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NCAA Culture Shift Afoot: College Athletes and Revenue

College football players in action
The two sports that generate the highest revenues for colleges, universities, and the NCAA are football and men's basketball.

The state of California recently passed legislation, currently proposed to take effect in 2023, that could place the rights to generate revenue against a college athlete's own name, image, or likeness into the hands of the college athlete, something heretofore verboten by the NCAA in the name of amateurism. The legislation also proposes to prohibit the NCAA from blocking players or universities from competition if players do profit from their name/image/likeness (NIL) rights, and futher, would allow players to individually obtain legal and agency support to manage the player's own interests.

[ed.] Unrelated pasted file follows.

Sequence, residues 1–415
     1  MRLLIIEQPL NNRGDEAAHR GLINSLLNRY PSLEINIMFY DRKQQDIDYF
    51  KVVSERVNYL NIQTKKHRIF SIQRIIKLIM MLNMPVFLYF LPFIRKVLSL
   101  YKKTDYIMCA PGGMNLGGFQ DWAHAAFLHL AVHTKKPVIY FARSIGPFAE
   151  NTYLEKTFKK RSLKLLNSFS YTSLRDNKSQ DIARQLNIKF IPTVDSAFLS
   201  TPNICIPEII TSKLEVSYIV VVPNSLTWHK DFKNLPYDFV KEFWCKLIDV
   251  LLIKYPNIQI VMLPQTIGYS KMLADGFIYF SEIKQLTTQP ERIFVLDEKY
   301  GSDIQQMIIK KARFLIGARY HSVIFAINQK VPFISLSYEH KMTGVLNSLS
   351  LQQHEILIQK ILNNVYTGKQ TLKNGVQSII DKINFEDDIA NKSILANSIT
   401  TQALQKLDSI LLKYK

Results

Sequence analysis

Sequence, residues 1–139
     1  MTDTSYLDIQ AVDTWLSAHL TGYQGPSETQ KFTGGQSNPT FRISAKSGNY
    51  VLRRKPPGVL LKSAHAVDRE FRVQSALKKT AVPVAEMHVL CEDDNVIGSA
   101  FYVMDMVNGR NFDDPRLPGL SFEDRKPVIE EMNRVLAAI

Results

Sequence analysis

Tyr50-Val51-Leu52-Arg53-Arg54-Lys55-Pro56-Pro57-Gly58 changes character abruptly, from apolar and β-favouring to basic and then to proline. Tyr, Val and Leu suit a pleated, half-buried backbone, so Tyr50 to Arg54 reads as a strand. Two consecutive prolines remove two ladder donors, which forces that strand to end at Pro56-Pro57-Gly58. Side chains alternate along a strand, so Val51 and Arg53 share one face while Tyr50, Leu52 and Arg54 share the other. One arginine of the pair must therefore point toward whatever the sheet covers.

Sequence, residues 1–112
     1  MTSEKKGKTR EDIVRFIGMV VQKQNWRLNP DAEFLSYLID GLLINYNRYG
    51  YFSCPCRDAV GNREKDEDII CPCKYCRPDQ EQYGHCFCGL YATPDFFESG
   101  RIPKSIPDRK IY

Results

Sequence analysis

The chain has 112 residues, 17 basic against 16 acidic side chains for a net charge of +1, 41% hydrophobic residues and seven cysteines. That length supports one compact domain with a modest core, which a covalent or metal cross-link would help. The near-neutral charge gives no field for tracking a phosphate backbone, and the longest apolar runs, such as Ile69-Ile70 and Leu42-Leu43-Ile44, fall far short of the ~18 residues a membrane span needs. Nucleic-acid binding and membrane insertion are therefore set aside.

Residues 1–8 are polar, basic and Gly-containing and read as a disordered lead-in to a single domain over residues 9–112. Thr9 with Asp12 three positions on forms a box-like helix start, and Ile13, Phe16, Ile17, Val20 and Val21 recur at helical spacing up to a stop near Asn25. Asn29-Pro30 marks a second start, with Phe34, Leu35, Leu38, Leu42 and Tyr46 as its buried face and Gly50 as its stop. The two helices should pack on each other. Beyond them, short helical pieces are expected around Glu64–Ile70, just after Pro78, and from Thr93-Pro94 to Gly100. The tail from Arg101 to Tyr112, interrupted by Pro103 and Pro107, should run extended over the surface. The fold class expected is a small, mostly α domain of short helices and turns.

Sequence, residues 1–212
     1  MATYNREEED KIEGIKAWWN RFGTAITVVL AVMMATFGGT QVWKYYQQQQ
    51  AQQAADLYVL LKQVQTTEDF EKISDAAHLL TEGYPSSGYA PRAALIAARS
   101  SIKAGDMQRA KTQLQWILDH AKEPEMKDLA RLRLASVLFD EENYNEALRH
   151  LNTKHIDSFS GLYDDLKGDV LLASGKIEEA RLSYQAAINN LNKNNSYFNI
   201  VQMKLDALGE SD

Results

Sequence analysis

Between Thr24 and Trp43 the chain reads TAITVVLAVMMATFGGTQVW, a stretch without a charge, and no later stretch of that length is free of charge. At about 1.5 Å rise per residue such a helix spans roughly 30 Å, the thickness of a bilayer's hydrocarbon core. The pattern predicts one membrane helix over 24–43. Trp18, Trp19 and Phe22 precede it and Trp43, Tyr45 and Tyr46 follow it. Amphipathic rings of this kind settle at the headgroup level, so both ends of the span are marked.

Dr. Courtney Flowers
Dr. Courtney Flowers is an Associate Professor of Sport Management in the Department of Health, Kinesiology, & Sport Studies at Texas Southern University

While the debate over the impact of such a law in California rages on in the world of collegiate sports, Florida Governor Ron DeSantis announced Thursday that he would also support state legislation that allows his state's more than 11,000 college athletes to profit from their own NIL rights.

On today's episode of North by Northeast, we're gathering context for discussion by listening back through a March 2018 episode of NPR's Code Switch podcast where reporter Gene Demby asks, "Why shouldn't we pay college athletes?"

Jasmine Baker on the sideline at a football game in Commerce
Credit TAMUC photo
TAMUC photo
Jasmine Baker on the sideline at a football game at Texas A&M University-Commerce.

Guests discussing this topic include Dr. Courtney Flowers, an Associate Professor of Sport Management in the Department of Health, Kinesiology, and Sport Studies at Texas Southern University; and Dallas-area sports journalist Jasmine Baker.

Jerrod Knight oversees station programming, news and sports operations, individual and corporate development efforts, business and budget planning and execution, and technical operations.
Mark Haslett has served at KETR since 2013. Since then, the station's news operation has enjoyed an increase in listener engagement and audience metrics, as well recognition in the Texas AP Broadcasters awards.
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